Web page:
The game’s afoot at the 2024 US Open.

That phrase is most often associated with Sherlock Holmes, but it actually goes back to Shakespeare and his play Henry V, when the great king was on the verge of battle. In both cases, it carries a sense of anticipation and drama, and the closest modern equivalent is something like, “it’s on.”

It is very much on in Pinehurst, the game is afoot, but it’s not quite as tight as it looked late in the third day, when there was a crowded leaderboard with a half dozen players within a shot. By the time the third round finished a little more than 90 minutes later, Bryson DeChambeau had carved out a distinct advantage, leading by three shots after posting a three-under 67 to reach seven-under for the championship.

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Beyond him, only seven other players remain under par and within seven shots of the lead. Starting with the relative longshots and working our way up the leaderboard, let’s take a look at each of those contenders and figure out how they can pull out a win – or go down swinging.

Photo: Alex Slitz

Tyrrell Hatton (-1)

Why he could win: The greatest quote of the week came from Hatton on the opening day, when he said, “I guess in some ways, with it being harder, a lot of guys sort of losing their head, it sort of brings them to my level because I just lose my head every week.” If frustration and chaos are the order of the day in the final round on a tough Pinehurst No.2, maybe the Englishman will pull the rest of the field into the raging muck and beat them with experience.

Why he’ll lose: Being six shots behind a player who can’t miss.

Photo: David Cannon

Tony Finau (-1)

Why he could win: If he makes one birdie for each of his five children, he’ll finish at six-under, and then he only needs Bryson to lose a shot, and then he can beat him in a playoff, and life will be groovy.

Why he’ll lose: We’re getting word in our earpieces, here at media central, that golf doesn’t work that way.

Photo: Andrew Redington

Hideki Matsuyama (-2)

Why he could win: Indulge me in the “Pinehurst continental theory”. The three winners of US Opens at Pinehurst thus far have been Payne Stewart (USA), Michael Campbell (New Zealand) and Martin Kaymer (Germany). Each of them is from a different continent, and for that trend to continue, this year’s winner has to be from Asia, Africa or South America. At this point, Japan’s Matsuyama is the only contender, so why not? If you’re looking for something less superstitious, he was the best player on the back nine in the third round by far, rocketing from even-par to three-under. Plus, he’s got that Masters fortitude; he knows how to win a close major.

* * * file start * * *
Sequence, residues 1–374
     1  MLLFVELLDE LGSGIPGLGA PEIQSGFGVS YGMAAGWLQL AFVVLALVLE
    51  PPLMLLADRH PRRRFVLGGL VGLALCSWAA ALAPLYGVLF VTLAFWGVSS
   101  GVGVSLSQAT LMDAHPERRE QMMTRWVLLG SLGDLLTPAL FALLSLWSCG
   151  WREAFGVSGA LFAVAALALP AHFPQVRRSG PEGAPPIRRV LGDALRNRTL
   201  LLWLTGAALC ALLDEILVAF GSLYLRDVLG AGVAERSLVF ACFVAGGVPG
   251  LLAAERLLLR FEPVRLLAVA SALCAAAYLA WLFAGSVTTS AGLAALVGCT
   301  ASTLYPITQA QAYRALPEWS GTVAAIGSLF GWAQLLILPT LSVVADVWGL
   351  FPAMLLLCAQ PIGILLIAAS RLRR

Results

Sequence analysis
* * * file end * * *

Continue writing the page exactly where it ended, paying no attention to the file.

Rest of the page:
Why he’ll lose: It’s been a little too long since Hideki was in contention at any major (he only has one top-five since his Masters win), and as we saw with Brooks Koepka at last year’s Masters, even for players with proven clutch pedigree, it takes a close call to remind you how to win. He’s not quite ready, and he’s too far behind a couple players who are ready.

Photo: Alex Slitz

Ludvig Aberg (-2)

Why he could win: Through about 48 holes, the young Swede was the most consistent, impressive player on a course that was rewarding his patience and accuracy. Even after he made the disastrous triple-bogey on the 13th hole, he kept his head well enough to play even-par the rest of the way. He’s still got a lot of firepower and talent, and if someone’s going to shoot a 66 and win this, why not him? He already posted that number on the first day, and he doesn’t have enough scar tissue to get rattled by the stakes.

Why he’ll lose: Seriously, though, the triple-bogey tells you everything you need to know. Mr Steady suddenly got pretty shaky when the concept of leading a US Open after 54 holes became realistic, and if by chance he gets close to the lead tomorrow, the lack of oxygen on the course will be even more pronounced. These are great reps for Aberg, but he showed on today that he’s not yet primed to win the major that he absolutely will win one day.

Photo: David Cannon

Rory McIlroy (-4)

Why he could win: In a word, resilience. He hasn’t been anything close to perfect through three days at Pinehurst, but every time he’s met adversity, he’s controlled the damage and rebounded. This is a course where you have to absorb some blows, and he’s absorbed them all, particularly late in the third round with two tough bogeys on 15 and 17 just as DeChambeau was surging. Even with those unfortunate hiccups, he finished under par for the round and gave himself a credible shot to at least scare DeChambeau a little.